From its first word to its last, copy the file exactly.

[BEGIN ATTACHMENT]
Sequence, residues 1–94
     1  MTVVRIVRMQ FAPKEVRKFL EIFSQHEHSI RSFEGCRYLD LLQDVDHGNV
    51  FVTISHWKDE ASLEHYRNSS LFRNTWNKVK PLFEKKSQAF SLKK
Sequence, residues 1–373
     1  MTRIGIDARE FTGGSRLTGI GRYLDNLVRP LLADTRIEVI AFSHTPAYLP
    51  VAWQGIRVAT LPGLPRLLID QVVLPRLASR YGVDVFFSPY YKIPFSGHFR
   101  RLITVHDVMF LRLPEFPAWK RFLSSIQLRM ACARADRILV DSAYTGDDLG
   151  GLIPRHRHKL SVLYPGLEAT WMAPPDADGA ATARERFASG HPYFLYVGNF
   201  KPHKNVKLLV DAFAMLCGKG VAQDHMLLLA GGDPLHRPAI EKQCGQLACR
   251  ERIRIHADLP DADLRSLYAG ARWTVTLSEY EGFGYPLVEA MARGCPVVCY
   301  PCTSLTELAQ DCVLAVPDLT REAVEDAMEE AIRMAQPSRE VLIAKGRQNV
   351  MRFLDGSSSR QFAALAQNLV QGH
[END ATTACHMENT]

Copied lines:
Sequence, residues 1–94
     1  MTVVRIVRMQ FAPKEVRKFL EIFSQHEHSI RSFEGCRYLD LLQDVDHGNV
    51  FVTISHWKDE ASLEHYRNSS LFRNTWNKVK PLFEKKSQAF SLKK
Sequence, residues 1–373
     1  MTRIGIDARE FTGGSRLTGI GRYLDNLVRP LLADTRIEVI AFSHTPAYLP
    51  VAWQGIRVAT LPGLPRLLID QVVLPRLASR YGVDVFFSPY YKIPFSGHFR
   101  RLITVHDVMF LRLPEFPAWK RFLSSIQLRM ACARADRILV DSAYTGDDLG
   151  GLIPRHRHKL SVLYPGLEAT WMAPPDADGA ATARERFASG HPYFLYVGNF
   201  KPHKNVKLLV DAFAMLCGKG VAQDHMLLLA GGDPLHRPAI EKQCGQLACR
   251  ERIRIHADLP DADLRSLYAG ARWTVTLSEY EGFGYPLVEA MARGCPVVCY
   301  PCTSLTELAQ DCVLAVPDLT REAVEDAMEE AIRMAQPSRE VLIAKGRQNV
   351  MRFLDGSSSR QFAALAQNLV QGH